Petersburg Pilot -


SEAPA could revive Cascade Creek hydropower project


The Federal Energy Regulatory Commission (FERC) denied Cascade Creek LLC, a private company seeking to develop hydropower in Thomas Bay near Petersburg, a pre-development permit.

Cascade Creek previously had a preliminary permit to develop the Cascade Creek Hydroelectric Project. But now, it could be up to local entities to keep the project alive. The fate of the project is in the hands of Southeast Alaska Power Agency (SEAPA) to decide.

SEAPA, along with Petersburg Municipal Power & Light (PMPL) and Ketchikan Public Utilities have all shown interest in the project that would allow for greatly-needed power storage for Southeast.

“SEAPA is the logical one to take further action,” said Joe Nelson, PMPL Superintendent. Nelson also sits on the SEAPA board of directors.

According to Nelson, the first preliminary report for a hydroelectric project in Cascade Creek was filed with the government in 1965.

The main reason the project is still being considered today is that it would tie together Swan/Tyee, which was finished three years ago, with future hydropower projects further to the north.

“Cascade Creek is at the north end of the system and it would make the system more flexible. It would stabilize the system,” Nelson said. “It could have a significant amount of storage that the system doesn't have now.”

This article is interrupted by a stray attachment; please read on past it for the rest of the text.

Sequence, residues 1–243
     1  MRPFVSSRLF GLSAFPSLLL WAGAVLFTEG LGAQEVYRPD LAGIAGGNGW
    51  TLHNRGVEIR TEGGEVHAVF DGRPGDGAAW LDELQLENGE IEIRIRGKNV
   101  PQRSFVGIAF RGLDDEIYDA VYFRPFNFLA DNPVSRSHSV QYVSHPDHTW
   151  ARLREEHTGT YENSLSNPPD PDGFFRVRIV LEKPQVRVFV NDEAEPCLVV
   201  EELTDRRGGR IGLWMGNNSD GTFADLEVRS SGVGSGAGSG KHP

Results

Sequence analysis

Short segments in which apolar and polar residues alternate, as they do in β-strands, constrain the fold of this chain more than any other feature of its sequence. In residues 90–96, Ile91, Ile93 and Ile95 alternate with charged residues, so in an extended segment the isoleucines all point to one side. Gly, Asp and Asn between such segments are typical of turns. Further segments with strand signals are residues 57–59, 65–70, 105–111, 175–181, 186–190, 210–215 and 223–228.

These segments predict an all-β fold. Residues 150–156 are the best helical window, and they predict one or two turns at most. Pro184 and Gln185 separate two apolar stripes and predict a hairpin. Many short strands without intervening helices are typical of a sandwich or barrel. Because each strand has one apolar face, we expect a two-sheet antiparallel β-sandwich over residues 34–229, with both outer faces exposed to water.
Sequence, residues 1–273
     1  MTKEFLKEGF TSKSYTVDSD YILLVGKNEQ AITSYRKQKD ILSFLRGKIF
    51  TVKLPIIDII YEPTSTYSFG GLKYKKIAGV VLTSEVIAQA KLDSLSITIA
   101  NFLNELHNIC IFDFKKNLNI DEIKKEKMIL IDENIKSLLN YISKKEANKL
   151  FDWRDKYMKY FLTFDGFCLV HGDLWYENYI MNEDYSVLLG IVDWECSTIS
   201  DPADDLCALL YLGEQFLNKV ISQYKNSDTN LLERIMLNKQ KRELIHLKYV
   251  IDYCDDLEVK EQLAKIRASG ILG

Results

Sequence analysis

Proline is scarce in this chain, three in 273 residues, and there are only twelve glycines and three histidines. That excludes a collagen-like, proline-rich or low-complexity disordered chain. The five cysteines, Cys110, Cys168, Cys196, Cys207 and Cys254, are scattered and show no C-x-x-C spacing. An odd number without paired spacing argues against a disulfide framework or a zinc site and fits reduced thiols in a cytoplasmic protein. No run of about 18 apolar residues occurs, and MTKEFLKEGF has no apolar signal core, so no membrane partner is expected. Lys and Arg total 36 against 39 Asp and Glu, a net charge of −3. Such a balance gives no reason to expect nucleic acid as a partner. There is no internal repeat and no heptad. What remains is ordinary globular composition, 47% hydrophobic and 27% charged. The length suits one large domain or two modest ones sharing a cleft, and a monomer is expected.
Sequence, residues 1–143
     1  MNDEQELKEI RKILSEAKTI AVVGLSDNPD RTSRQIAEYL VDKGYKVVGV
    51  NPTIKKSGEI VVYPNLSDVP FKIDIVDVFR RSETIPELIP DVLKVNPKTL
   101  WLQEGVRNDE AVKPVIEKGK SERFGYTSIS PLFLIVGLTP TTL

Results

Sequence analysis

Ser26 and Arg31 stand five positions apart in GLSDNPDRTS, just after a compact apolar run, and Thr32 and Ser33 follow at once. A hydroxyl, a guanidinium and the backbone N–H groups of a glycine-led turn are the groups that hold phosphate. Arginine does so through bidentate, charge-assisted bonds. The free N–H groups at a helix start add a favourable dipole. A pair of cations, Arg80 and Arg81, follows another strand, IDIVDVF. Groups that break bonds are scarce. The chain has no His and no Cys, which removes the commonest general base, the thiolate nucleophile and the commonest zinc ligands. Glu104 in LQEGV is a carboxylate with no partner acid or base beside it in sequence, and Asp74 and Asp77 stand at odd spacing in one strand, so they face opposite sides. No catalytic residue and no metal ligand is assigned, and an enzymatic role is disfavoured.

Power storage is necessary to serve communities during dry spells and cold snaps--anytime there is a significant need for power, but the ability to produce power is low, Nelson said.

If action is taken, SEAPA will have to call a special meeting. The SEAPA board isn't scheduled to meet until April. Nelson said he would rather not speculate regarding whether SEAPA will meet to discuss Cascade Creek.

The remote area for the Cascade Creek project is in the Tongass “roadless” area, Nelson said. “You can get permission to build a road. It's a hurdle you have to get over, but it's not a deal stopper.”

Another plan that SEAPA also may pursue is the possibility of increasing the height of the Ketchikan/Swan Lake Dam. This project could also increase storage, Nelson said.


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